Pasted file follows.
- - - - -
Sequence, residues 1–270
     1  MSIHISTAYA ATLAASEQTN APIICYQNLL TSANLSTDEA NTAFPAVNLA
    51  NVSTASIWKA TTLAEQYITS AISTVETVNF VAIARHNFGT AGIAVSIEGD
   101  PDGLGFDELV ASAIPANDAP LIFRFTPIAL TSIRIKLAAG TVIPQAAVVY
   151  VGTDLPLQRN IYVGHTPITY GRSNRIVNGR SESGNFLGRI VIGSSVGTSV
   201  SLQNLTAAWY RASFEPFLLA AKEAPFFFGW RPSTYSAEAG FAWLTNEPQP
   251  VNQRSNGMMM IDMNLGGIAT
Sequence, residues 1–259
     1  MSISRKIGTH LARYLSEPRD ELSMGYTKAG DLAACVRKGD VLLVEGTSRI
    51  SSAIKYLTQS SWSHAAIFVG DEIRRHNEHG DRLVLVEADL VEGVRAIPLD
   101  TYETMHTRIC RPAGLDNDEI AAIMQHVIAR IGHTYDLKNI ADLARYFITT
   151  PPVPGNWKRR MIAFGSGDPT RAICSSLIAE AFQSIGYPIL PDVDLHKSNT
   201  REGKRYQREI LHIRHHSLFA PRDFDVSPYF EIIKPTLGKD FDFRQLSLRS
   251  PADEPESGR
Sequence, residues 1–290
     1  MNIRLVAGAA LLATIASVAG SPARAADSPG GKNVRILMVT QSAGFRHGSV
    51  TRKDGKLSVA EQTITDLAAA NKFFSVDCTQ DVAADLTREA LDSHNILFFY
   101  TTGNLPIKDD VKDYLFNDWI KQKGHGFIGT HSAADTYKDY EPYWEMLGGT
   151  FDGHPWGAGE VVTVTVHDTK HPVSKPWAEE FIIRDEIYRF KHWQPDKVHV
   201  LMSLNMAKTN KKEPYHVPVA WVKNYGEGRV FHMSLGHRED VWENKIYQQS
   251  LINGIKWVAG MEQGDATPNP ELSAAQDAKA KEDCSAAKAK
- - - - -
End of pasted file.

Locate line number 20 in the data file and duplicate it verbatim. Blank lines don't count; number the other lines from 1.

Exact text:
   201  LMSLNMAKTN KKEPYHVPVA WVKNYGEGRV FHMSLGHRED VWENKIYQQS